kamal mouzawak's fattet hummus


This month’s Bon Appetit cover story features Lebanese chef Kamal Mouzawak. He created Souk el Tayeb, the first farmers market in Beirut, with a mission to preserve local food traditions and promote sustainable agriculture. Later, he opened Tawlet, a cooperative restaurant where women home cooks prepare traditional meals from their respective Lebanese regions. There are now four more of its kind, and Kamal’s latest project—a B&B with a Tawlet-inspired kitchen—is the stuff foodie vacation dreams are made of.

This dish is from that kitchen. Fattet hummus is a variation of the Levant dish fatteh, which uses fried or toasted pita bread as a base for different toppings. This Lebanese version is often eaten for breakfast, but also works as a dinner starter or side. This recipe tosses pitas with olive oil, sprinkles them with salt, and toasts them in the oven until golden brown and crisp. The pita chips are then drenched in a garlic lemon yogurt and topped with quickly-seasoned chickpeas. The best part is added last: cashews toasted in brown butter. The hot brown butter collects in pools over the creamy yogurt and the cashews are an unexpected nutty delight alongside the chickpeas. The result is familiar, but special. Comfort, but genius.

Kamal mouzawak’s Fattet Hummus

Barely adapted from Bon Appetit, May 2019, recipe by Kamal Mouzawak.

Quickly simmering the chickpeas in some water, olive oil, and salt adds some flavor to canned beans. On the other hand, you can use dried chickpeas, pre-soaked and fully cooked. I also imagine this would be great with homemade pita (I use Michael Solomonov’s recipe from the Zahav cookbook). I can also think of a couple ways to make the shortcuts here even shorter. In a pinch: 1) Stacy’s pita chips and 2) un-doctored canned chickpeas, but, please, you didn’t hear that from me. The original recipe calls for whole milk yogurt and not Greek, but if, like me, you tend to stock Greek, then you can thin it out with a bit of milk or water. (I didn’t do this as much as I should have in the photo. But guess what? Still delicious.)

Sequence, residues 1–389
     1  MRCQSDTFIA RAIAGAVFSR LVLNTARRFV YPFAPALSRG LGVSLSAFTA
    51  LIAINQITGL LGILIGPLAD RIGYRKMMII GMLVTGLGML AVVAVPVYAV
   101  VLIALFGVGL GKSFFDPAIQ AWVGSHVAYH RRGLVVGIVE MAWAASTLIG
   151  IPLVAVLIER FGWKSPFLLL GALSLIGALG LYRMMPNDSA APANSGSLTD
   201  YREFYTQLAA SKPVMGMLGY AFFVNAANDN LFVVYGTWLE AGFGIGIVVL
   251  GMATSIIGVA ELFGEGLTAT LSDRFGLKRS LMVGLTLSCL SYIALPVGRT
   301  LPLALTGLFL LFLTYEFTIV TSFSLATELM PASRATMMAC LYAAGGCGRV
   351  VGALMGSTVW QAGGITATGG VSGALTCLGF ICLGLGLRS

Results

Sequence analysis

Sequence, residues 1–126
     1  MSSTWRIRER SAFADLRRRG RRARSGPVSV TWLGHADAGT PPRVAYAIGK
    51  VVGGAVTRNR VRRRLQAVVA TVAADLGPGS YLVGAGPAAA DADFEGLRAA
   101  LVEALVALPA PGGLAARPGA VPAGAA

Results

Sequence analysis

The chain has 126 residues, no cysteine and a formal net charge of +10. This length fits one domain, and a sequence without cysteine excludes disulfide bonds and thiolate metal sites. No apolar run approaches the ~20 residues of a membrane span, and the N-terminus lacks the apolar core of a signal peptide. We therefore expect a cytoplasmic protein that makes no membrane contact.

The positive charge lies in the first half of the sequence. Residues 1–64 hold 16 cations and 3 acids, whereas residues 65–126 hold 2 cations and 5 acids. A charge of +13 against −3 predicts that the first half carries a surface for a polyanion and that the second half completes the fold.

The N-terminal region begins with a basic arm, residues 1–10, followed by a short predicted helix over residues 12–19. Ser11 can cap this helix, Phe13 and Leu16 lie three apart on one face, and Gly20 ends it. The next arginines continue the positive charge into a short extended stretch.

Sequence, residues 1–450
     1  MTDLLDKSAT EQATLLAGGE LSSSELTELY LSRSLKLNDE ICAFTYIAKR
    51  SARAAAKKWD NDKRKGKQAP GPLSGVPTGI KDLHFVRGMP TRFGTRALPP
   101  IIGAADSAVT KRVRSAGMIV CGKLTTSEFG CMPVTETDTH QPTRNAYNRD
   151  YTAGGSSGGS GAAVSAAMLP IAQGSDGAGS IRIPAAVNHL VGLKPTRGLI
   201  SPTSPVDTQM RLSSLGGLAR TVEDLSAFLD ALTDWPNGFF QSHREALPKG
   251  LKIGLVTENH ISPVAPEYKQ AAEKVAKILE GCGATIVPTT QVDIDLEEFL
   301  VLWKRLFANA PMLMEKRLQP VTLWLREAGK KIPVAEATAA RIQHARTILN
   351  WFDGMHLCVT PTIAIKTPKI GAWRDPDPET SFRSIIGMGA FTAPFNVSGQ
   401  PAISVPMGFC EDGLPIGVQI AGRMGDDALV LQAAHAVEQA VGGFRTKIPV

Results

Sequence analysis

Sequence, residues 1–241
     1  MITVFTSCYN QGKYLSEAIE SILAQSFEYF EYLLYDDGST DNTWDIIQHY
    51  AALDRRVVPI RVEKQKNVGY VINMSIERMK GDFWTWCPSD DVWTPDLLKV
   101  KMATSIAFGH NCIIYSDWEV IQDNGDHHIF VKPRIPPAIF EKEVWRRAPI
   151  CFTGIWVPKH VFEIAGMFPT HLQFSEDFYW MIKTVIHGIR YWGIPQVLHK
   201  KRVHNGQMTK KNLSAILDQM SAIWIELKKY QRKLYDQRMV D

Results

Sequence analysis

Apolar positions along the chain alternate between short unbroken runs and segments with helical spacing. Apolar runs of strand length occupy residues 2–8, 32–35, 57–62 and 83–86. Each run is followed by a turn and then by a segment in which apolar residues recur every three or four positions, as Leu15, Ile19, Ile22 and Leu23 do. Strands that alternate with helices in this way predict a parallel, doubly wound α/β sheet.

Serves 4.

2 garlic cloves, divided
1 15.5-oz. can chickpeas, rinsed
2 tablespoons plus 1/3 cup extra-virgin olive oil
Kosher salt
3 8"-diameter pitas, split in half, torn into 1" pieces
2 cups plain whole-milk yogurt (or Greek yogurt thinned with a little milk or water)
2 teaspoons fresh lemon juice
6 tablespoons unsalted butter
1/2 cup chopped cashews
Sumac (for serving; optional)


  • Preheat oven to 350°F.

  • Smash 1 garlic clove with the side of a chef’s knife and combine in a medium saucepan with chickpeas and 2 Tbsp. oil. Pour in cold water to cover chickpeas. Season with salt and bring just barely to a simmer. As soon as you see bubbles, remove pan from heat and set aside.

  • Spread out pita pieces on a rimmed baking sheet. Drizzle with remaining ⅓ cup oil and toss to coat; season with salt. Bake, tossing halfway through, until golden brown and crisp, 8–10 minutes. Remove pita chips from oven and set aside.

  • Finely grate remaining garlic into a small bowl. Add yogurt and lemon juice and mix well to combine; season with salt.

  • Melt butter in a small skillet over medium heat. Add cashews and cook, stirring, until nuts and butter are golden brown, about 5 minutes.

  • Divide pita chips among bowls and scoop some lemon yogurt over. Drain chickpeas and divide evenly among bowls, then spoon over some of the toasted cashews and brown butter. Sprinkle with sumac just before serving if desired.

May 16, 2019